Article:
10. Update; So, I gave up and called the mobile RV repair folks. (Incidentally, I called 5 different companies and only one even returned my call. I guess they have all the business they need. Good thing because I won't be taking my coach to any of them for future maintenance or repairs. But I digress...) Anyway, told the tech everything I had done, what I thought and so forth. He checked a lot of circuits, connectors, relays, and so forth. Then, he plugged in a new keypad for the Allison and like magic, everything worked! Everything! If I had not been there to witness it, I would have thought they were just trying to sell me a keypad. But, I was there. He had no explanation for why the other items were suddenly working as well because they should not have anything to do with the transmission keypad. But, it starts, runs, everything works, so for now. all is well. But I am keeping a wary eye for further electrical gremlins, or the recurrence of these. And, just for anyone who cares to know, keypad (new in the box, Allison unit) was $1000 and with the service call, labor, tax, etc, total bill was right at $1,600. Thanks Tim
  11. Blake, I appreciate the tip. My coach is 15 years old, so I am guessing not, but I will verify. To me, the big appeal of the Lithium is the shelf life/life span. My coach sits a LOT these days. It wasn't always so, but, things happened, career went a different direction...but I am now 101 days from retirement (not that I am counting...) and hoping to get back on the road again. So, I am getting it back into shape. House batteries are but one item. My concern is that I wont get it out as much as I hope and it will sit and the batteries go bad (note, I live in AZ where most wet batteries are toast at about 2 years no matter what you do). If AGM's will tolerate sitting around, great. And, if Lifelines will stand up to the beating of a race boat, that is a huge endorsement. Of course, 4 Lifelines are as expensive as the Lithium, but if they last as long, and have zero fire risk, and my inverter and charging system will handle them, then this conversation may have convinced me. Tim
  12. Well, fire with the lithium batteries may be something to think about. But I think for the most part the risk is exaggerated. When you look at how many items, and cars have lithium batteries (every Prius, Volt, and all the hybrids and so forth), it isn't like they are igniting that frequently, but the cases that do get a lot of publicity. Still, not good if you are the one it happens to. But it isn't like wet batteries have never exploded, or just cracked and dripped acid all over the place, and so forth. AGM's avoid some of this, but extra $$ when they go bad, and they do, sometimes just from the vibration of driving or hitting a big bump they will short internally (ask me how I know...). Nothing is perfect. I dont drive my coach that often and even with a trickle charger on them, it seems like I have to replace my house batteries about every 18 months @ about $400 a whack. But, compared to lithium, financially, it may end up being a wash.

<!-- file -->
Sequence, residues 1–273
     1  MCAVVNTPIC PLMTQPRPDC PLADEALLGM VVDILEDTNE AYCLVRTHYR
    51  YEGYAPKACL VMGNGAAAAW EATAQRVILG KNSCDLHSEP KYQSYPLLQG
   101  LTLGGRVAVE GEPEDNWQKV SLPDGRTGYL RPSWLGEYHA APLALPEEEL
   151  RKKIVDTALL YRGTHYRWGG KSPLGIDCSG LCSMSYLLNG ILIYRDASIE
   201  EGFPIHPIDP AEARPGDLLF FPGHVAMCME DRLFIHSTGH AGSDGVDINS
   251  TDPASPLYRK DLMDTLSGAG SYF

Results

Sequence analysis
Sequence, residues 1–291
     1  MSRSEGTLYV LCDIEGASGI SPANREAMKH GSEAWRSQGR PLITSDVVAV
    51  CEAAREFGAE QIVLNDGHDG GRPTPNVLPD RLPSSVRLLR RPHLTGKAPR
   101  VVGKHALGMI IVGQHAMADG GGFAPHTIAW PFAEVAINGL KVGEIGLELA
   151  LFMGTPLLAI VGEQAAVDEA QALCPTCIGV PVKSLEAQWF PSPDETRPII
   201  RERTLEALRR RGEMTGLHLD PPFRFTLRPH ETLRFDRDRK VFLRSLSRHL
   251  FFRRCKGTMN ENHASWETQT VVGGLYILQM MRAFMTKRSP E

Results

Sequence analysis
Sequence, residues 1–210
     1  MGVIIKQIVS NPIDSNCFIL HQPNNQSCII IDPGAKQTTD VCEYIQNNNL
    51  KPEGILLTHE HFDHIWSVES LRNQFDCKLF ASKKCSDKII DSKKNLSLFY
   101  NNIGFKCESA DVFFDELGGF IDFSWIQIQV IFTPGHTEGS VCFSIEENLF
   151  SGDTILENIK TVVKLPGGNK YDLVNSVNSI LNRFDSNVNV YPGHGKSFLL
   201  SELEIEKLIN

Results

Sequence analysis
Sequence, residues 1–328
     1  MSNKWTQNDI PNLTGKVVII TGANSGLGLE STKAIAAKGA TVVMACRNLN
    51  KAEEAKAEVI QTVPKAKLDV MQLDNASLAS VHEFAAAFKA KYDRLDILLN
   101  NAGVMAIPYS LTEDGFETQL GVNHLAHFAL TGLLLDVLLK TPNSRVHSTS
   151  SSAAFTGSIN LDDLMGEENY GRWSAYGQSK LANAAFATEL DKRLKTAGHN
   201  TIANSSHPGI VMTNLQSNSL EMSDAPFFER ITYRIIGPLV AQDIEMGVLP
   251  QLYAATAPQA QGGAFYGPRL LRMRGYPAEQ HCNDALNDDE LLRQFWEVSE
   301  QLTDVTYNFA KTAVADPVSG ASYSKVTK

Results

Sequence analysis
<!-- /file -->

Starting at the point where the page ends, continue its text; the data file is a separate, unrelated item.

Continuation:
13. What about Lithium batteries? Saw them at the meet in Chandler and did some research on them and they seem like a great thing. Contemplating replacing my house batteries with these (if I get the thing running...). They are hideously expensive, (like $2000 to replace my 4 "golf cart" batteries), but seem very low maintenance, (as in none), will hold their charge sitting idle for great periods, charge up faster, and last many years longer than wet cells. Or have I just swallowed the Kool-aid on this?
  14. Those look really informative, but no such thing on mine. I do have the factory wiring diagram but everything is so small and hard to read, and frankly it is also poorly labeled. Maybe not for an electrician, but for me, very hard to follow it.
  15. Herman, yes it is like trying to tell someone how to set their VCR over the phone. (LOL), So, I appreciate you hanging in with me. The solenoid I pulled from the box under the driver window has 2 large lugs, and 2 small. Of the two small one is labeled "-" and one is labeled "+". The "-" has a small wire that goes into a large bundle that seems to head to the rear of the bus (hard to tell once it goes through the box). The "+" lug has a wire with a fuse in line and connects directly to one of the large lugs. This same large lug has a large cable that goes to a terminal on the circuit board labeled "interior fuse panel". The other large lug has a large cable that goes into a large bundle and appears to go toward the rear of the bus, but to exactly where I dont know. I think this wire should have power but it does not. None of the wires have power, and clearly at least one of them should in order to power this solenoid. But, none of them have power even with the key on. So, tying them together wont do anything - they are all dead. I could run a lead directly from the battery though, if that would be safe. (I am not worried about getting injured, just about giving something more voltage than it needs and frying something expensive.) So, I think the question becomes, what causes that large cable from the back of the bus to become hot? I can understand that maybe it should not be hot all the time and that something should happen to "turn it on, " but what? If just turning the key in the ignition switch should make it hot, it isnt, so maybe it is the switch, as you suggest. But, if turning the key is supposed to trip another solenoid that then allows this cable to be hot, then it must be this other solenoid that is bad. Wherever it is...(have not crawled under the bus yet to get at the one on the starter, and did not pull the panel in the floor of the closet, but will do so and see if i can see solenoids from there - thanks jleamont) Manholt - I think you are right, that the solenoid I pulled is for the aux start which ties the house batteries to the chassis batteries in order to "self jump start" the engine. Maybe that is all that it does, but since it has a cable that goes to a terminal labeled "interior fuse panel" I suspect it also powers up some things as well which would explain why there are other things not working. I pulled the batteries and had them tested and they are ok. I suppose I could still have a bad cell, but the headlights are bright, the dash ac blower strong, and so forth. But the N on the trans selector isnt on, so until that happens, the Allison wont let it start. (or so I am told...) Continued thanks to all! Tim